• Percolating an element down is slightly more difficult than percolating up, since there are two possible subtrees to move to. As you might guess, you must swap with the root of the smaller subtree and then continue within that subtree.
• Why don't we worry about increasing the size of the wrong subtree? (As we did in building binary search trees.) Because we're not changing the size of the subtrees. We're swapping elements, but not adding them.
• In some sense, deletion reverses the process of insertion (delete last element in the heap vs. insert last element in heap; percolate down vs. percolate up).
• Here's a sample case of removal of least element.
```    2          ?          5          3          3
/ \        / \        / \        / \        / \
3   4  to  3   4  to  3   4  to  5   4  to  4   4
/ \  |     / \  |     / \        / \        / \
6   4 5    6   4 5    6   4      6   4      6   5
```
• What's the running time? O(log2n) again.

Implementing Heaps with Arrays

• When considering lists and other structures, we found ways to implement the structures with both arrays and nodes.
• It seems likely that we can implement heaps with special nodes (as we did at the beginning of class).
• Can we also implement heaps with arrays?
• It turns out to be relatively easy to implement binary heaps and other binary trees, particularly complete binary trees with arrays.
• How?
• Assume we have a complete binary tree in that every interior (nonleaf) node has exactly two children.
• Number the nodes, starting at the top and working across each level. (The root is node 0, its left child is node 1, the root's right child is node 2, node 1's left child is node 3, node 1's right child is node 4, ...).
```       0
/   \
1     2
/ \   / \
3   4 5   6
/ \
7   8
```
• This numbering gives you the positions in the array for each element.
• (If you don't want to build complete trees and are willing to waste space, you can store a special value to represent nothing at this position.)
• This provides a very convenient way of figuring out where children belong.
• The root of the tree is in location 0.
• The left child of an element stored at location i can be found in location 2*i+1.
• The right child of an element stored at location i can be found in location 2*i+2 (also representable as 2*(i+1)).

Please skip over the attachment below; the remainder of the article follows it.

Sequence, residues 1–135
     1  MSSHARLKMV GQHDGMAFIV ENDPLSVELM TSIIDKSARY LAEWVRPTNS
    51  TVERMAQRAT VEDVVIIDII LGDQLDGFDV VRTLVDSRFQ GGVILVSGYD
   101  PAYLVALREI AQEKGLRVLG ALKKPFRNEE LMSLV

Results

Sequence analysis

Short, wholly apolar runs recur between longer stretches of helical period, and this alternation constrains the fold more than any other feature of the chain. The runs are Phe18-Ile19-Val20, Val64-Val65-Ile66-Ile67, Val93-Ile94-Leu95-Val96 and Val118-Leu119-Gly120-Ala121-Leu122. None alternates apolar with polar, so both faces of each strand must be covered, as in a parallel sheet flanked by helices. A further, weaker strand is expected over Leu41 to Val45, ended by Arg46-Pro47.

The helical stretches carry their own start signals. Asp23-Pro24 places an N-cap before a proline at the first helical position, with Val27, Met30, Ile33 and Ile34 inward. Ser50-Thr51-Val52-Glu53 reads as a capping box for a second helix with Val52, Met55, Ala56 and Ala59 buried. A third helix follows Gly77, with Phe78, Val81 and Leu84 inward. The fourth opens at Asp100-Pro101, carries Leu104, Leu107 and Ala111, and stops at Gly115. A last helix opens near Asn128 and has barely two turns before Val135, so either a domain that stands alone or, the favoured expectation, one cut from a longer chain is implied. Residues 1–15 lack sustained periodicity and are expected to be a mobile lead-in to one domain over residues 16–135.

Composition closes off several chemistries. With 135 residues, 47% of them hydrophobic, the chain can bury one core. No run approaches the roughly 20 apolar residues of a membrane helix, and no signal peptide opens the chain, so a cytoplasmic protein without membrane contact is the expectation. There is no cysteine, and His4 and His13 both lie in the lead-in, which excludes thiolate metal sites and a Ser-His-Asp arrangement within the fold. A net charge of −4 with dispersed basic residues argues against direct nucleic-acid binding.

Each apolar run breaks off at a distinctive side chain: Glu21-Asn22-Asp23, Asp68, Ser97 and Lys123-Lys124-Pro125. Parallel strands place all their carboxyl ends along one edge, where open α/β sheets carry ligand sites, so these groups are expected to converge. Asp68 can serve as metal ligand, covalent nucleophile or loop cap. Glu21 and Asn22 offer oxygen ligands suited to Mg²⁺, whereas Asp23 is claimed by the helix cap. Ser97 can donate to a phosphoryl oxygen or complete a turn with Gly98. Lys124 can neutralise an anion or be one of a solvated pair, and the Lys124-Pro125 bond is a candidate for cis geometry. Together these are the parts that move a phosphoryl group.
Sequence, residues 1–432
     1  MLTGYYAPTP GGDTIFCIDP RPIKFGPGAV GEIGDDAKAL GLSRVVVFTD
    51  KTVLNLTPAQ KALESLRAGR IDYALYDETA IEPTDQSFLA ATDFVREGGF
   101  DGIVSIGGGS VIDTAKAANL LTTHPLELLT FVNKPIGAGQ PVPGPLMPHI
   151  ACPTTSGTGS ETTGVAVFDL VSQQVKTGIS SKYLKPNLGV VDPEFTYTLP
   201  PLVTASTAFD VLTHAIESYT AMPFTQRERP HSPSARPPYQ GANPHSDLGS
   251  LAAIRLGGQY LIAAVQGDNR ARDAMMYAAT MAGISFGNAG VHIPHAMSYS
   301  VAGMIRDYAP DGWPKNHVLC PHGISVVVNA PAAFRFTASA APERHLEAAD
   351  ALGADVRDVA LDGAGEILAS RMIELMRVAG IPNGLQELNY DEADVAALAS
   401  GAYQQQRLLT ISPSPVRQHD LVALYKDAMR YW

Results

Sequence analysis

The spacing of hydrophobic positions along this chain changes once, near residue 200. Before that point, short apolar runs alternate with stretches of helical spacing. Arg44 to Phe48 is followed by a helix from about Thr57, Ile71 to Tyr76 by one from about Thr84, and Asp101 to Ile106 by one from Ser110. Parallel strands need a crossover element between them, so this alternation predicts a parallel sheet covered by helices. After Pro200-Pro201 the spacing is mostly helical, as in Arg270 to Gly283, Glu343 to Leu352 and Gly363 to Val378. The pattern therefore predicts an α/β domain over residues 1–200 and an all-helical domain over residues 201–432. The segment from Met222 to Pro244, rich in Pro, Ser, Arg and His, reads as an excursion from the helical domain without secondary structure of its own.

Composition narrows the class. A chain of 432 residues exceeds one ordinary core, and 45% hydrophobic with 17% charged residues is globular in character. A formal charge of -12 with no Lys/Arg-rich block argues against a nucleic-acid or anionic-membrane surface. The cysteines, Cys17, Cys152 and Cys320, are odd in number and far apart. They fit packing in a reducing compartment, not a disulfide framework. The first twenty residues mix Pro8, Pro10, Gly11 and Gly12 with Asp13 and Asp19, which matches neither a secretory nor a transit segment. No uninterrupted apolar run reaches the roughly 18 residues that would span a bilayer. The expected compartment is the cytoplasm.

• The parent of an element stored at location i can be found at location `floor`((i-1)/2).
• Can we prove all this? Yes, but that's an exercise for another day.
• These properties make it simple to move the cursor around the tree and to get values.
• Note that we have an interesting double indirection here.
• We've decided to implement priority queues with this divide-and-conquer structure.
• We've decided to implement this divide-and-conquer structure with arrays.
• That is, we've given an implementation of an implementation of a data structure.

Heap Sort

• We can use the heap structure to provide a fairly simple and quick sorting algorithm. To sort a set of n elements,
• insert them into a heap, one-by-one.
• remove them from the heap in order.
• Can we do this in place (provided, of course, that our original information was in an array)? You'll need to think about it.
• Most people implement heap sort with array-based heaps. Some even define heap sort completely in terms of the array operations, and forget the origins.
• You still need to extract the values from the heap.

Back to Priority Queues. On to Algorithm Analysis (1).

Disclaimer: I usually create these pages on the fly, which means that I rarely proofread them and they may contain bad grammar and incorrect details. It also means that I tend to update them regularly (see the history for more details). Feel free to contact me with any suggestions for changes.

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The source to the document was last modified on Thu Jan 12 14:58:06 2006.
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Samuel A. Rebelsky, rebelsky@grinnell.edu